Export Controls and the Evolution of their National Security and Foreign Policy Objectives  and the Implications for US-China and US-Russia Policy

Export controls are the rules that govern the transfer of commercial and military items and services to accomplish national security and foreign policy objectives.  This once relatively stable and largely unknown non-proliferation-focused policy tool is now near the center of the geopolitical universe.  It is almost daily at the top of press coverage, particularly with respect to US-China issues and the allied response to Russia’s continued invasion of Ukraine.  The global semiconductor and other critical technology industries now need to factor in compliance obligations and policy issues that they have traditionally never had to consider.   In this module, you will learn how the national security and foreign policy objectives of these rules have evolved since the Cold War and what the current policy debate is really about.  The module will also demystify export controls for non-lawyers. This will allow the participants to fully understand the legal, political, economic, and policy levers and trade-offs inherent in any discussion of export control policy -- regardless of whether one is a hawk, dove, or an owl.   The module will conclude with an examination of all the options available for using export controls to address contemporary national security and foreign policy issues, particularly with respect when controls should be unilateral, plurilateral, or multilateral.  

Meet Your Expert

Kevin Wolf
Kevin Wolf is a partner in Akin Gump Strauss Hauer & Feld and a non-Resident Senior Fellow at Georgetown University’s Center for Security and Emerging Technology (CSET).  Mr. Wolf was the Assistant Secretary of Commerce for Export Administration in the Bureau of Industry and Security (BIS) at the Department of Commerce for both terms of the Obama Administration. In this role, he lead the administration of the export control, licensing, and other functions of BIS, was one of the primary architect of the Export Control Reform initiative and was a Commerce Department representative to the Committee on Foreign Investment in the United States (CFIUS).
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Who Will Benefit from a Deep Dive into Export Control Policy

Officials in government and international organizations

Government officials and staff whose work involves (i) classical non-proliferation or arms control issues; (ii) China- or Russia-specific policy issues; (iii) foreign adversary access to emerging commercial and emerging technologies; (iii) international economic security and investment policy; (iv) human rights issues; and (v) multilateral engagement with close allies.

Private sector public policy or government affairs teams

 Those responsible for tracking and providing internal policy advice on broader geo-political trends, particularly with respect to China- and Russia-specific trade and supply chain issues.   Will be of specific interest to companies involved in, or advising on, trade and investment issues pertaining to emerging technologies, particularly those involving semiconductors, AI, quantum computing, advanced computing, and biotech.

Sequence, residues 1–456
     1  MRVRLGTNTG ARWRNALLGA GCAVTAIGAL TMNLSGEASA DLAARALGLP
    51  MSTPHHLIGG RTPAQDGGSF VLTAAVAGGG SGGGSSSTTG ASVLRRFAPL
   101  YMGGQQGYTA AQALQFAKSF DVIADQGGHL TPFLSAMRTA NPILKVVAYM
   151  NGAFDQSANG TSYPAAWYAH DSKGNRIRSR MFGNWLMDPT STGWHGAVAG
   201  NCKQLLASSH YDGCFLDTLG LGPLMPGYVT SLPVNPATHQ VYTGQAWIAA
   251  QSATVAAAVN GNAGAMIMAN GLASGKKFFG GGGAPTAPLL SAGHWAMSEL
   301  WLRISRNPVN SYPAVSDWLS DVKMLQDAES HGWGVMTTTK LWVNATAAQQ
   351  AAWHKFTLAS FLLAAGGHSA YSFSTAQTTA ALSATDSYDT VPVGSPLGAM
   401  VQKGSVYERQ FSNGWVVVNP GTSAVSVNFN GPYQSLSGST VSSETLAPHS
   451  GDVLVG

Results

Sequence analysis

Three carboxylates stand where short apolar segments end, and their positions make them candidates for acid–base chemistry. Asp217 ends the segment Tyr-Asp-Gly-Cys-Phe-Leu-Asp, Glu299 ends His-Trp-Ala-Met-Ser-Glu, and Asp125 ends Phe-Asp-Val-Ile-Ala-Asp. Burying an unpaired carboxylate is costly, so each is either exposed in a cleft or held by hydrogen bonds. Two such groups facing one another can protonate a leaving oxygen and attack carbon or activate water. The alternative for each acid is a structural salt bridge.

Non-government organizations and non-profits

  Those involved in developing and advocating policy solutions involving foreign policy, human rights issues, national security, international economic security, US-China and US-Russia relations generally, and allied country cooperation.

Here is what you will learn

Understand the historical, policy and legal context

The deep dive will put the current, lively discussion of what export control policy should and should not be in a historical, policy, and legal context.  You will learn about the evolution of export control policy thinking from the Cold War until today, the perspectives of decision-makers and stakeholders, the technologies involved, and the inherent policy and economic trade-offs.  The course is ultimately an analysis of past and contemporary thinking about the evolving nature of what the national security and foreign policy objectives are for controls on the sharing of technology -- and the issues involved in making controls both effective and not counterproductive.

 Understand export controls in plain language 

 Most export control courses are for lawyers or in-house compliance personnel. They are, thus, quite complex and arcane.   This deep dive will explain export controls and how they work in plain English and without compliance program jargon or legalize. 

 Understand the role, history, and significance of multilateral coordination

The past and current export control policy debate are all significantly affected by the degree to which allies and other partner countries do and do not cooperate. The course will describe the evolution of the multilateral regime system, the policy thinking of allies and other countries, and the decisions the US has made to go it alone from time to time.  The course will examine all the options and limitations for the next phase of multilateral cooperation to address contemporary national security and foreign policy issues, particularly with respect to China and Russia.